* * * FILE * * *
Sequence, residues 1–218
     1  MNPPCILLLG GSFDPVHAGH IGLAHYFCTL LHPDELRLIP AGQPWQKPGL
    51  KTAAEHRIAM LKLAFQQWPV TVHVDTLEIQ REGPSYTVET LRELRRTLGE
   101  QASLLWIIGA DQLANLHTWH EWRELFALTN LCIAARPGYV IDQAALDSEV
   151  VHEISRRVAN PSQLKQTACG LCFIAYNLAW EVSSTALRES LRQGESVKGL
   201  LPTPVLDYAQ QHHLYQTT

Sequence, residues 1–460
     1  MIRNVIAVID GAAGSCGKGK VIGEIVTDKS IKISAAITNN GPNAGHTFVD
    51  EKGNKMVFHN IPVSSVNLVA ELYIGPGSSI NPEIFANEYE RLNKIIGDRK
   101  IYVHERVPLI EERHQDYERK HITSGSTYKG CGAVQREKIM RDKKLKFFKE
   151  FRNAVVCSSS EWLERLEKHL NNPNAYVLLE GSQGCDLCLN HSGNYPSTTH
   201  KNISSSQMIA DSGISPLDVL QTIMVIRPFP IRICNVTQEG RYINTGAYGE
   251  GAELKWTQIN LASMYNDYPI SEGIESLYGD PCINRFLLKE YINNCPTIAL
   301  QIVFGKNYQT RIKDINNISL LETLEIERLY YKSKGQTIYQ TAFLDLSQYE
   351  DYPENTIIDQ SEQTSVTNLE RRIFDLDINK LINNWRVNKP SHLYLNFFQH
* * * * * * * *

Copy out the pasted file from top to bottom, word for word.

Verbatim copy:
Sequence, residues 1–218
     1  MNPPCILLLG GSFDPVHAGH IGLAHYFCTL LHPDELRLIP AGQPWQKPGL
    51  KTAAEHRIAM LKLAFQQWPV TVHVDTLEIQ REGPSYTVET LRELRRTLGE
   101  QASLLWIIGA DQLANLHTWH EWRELFALTN LCIAARPGYV IDQAALDSEV
   151  VHEISRRVAN PSQLKQTACG LCFIAYNLAW EVSSTALRES LRQGESVKGL
   201  LPTPVLDYAQ QHHLYQTT

Sequence, residues 1–460
     1  MIRNVIAVID GAAGSCGKGK VIGEIVTDKS IKISAAITNN GPNAGHTFVD
    51  EKGNKMVFHN IPVSSVNLVA ELYIGPGSSI NPEIFANEYE RLNKIIGDRK
   101  IYVHERVPLI EERHQDYERK HITSGSTYKG CGAVQREKIM RDKKLKFFKE
   151  FRNAVVCSSS EWLERLEKHL NNPNAYVLLE GSQGCDLCLN HSGNYPSTTH
   201  KNISSSQMIA DSGISPLDVL QTIMVIRPFP IRICNVTQEG RYINTGAYGE
   251  GAELKWTQIN LASMYNDYPI SEGIESLYGD PCINRFLLKE YINNCPTIAL
   301  QIVFGKNYQT RIKDINNISL LETLEIERLY YKSKGQTIYQ TAFLDLSQYE
   351  DYPENTIIDQ SEQTSVTNLE RRIFDLDINK LINNWRVNKP SHLYLNFFQH